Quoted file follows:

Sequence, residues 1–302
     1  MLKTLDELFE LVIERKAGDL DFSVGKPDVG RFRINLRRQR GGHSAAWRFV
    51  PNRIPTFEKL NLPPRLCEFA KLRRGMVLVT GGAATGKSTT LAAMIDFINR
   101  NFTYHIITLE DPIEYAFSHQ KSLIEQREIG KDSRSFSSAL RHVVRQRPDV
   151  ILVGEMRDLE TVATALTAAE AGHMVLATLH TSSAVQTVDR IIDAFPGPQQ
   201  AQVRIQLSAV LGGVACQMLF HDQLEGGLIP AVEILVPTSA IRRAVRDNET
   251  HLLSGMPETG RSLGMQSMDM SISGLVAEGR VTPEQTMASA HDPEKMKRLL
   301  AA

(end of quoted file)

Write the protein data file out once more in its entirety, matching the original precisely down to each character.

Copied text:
Sequence, residues 1–302
     1  MLKTLDELFE LVIERKAGDL DFSVGKPDVG RFRINLRRQR GGHSAAWRFV
    51  PNRIPTFEKL NLPPRLCEFA KLRRGMVLVT GGAATGKSTT LAAMIDFINR
   101  NFTYHIITLE DPIEYAFSHQ KSLIEQREIG KDSRSFSSAL RHVVRQRPDV
   151  ILVGEMRDLE TVATALTAAE AGHMVLATLH TSSAVQTVDR IIDAFPGPQQ
   201  AQVRIQLSAV LGGVACQMLF HDQLEGGLIP AVEILVPTSA IRRAVRDNET
   251  HLLSGMPETG RSLGMQSMDM SISGLVAEGR VTPEQTMASA HDPEKMKRLL
   301  AA